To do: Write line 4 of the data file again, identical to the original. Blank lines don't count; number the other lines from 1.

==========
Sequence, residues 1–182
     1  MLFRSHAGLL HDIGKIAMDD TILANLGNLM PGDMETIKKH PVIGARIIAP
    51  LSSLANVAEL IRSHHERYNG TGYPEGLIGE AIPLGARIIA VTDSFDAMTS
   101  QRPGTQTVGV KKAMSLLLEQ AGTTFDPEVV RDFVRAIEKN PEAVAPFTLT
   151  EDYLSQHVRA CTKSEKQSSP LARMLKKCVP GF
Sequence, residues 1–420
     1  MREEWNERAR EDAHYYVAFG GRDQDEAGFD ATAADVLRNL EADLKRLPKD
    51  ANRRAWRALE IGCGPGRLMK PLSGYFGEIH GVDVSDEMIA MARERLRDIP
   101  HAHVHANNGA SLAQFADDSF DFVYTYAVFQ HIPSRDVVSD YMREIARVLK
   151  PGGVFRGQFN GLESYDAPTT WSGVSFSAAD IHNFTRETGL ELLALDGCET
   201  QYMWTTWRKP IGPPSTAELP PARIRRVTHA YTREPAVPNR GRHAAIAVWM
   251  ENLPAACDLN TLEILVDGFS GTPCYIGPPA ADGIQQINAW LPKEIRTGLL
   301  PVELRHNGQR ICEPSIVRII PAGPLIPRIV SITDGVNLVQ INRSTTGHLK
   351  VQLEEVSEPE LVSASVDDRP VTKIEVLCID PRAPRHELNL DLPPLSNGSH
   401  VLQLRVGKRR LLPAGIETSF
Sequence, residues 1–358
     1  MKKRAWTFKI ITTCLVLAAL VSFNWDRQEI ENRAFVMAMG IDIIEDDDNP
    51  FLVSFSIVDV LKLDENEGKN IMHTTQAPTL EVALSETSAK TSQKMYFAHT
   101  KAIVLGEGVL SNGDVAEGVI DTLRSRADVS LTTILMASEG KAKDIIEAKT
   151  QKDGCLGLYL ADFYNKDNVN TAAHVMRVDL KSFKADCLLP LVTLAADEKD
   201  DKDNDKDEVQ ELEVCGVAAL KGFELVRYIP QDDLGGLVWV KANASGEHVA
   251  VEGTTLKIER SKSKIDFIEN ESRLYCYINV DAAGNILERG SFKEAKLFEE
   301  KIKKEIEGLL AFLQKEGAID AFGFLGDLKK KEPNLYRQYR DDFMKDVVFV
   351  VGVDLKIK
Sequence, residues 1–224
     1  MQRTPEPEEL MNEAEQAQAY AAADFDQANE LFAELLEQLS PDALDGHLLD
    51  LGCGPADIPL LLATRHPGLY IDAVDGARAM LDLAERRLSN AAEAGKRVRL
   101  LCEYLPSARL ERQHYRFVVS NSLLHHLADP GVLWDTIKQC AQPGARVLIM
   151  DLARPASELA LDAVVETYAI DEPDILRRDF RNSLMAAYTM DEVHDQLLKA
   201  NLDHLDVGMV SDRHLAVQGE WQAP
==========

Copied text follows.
   101  QRPGTQTVGV KKAMSLLLEQ AGTTFDPEVV RDFVRAIEKN PEAVAPFTLT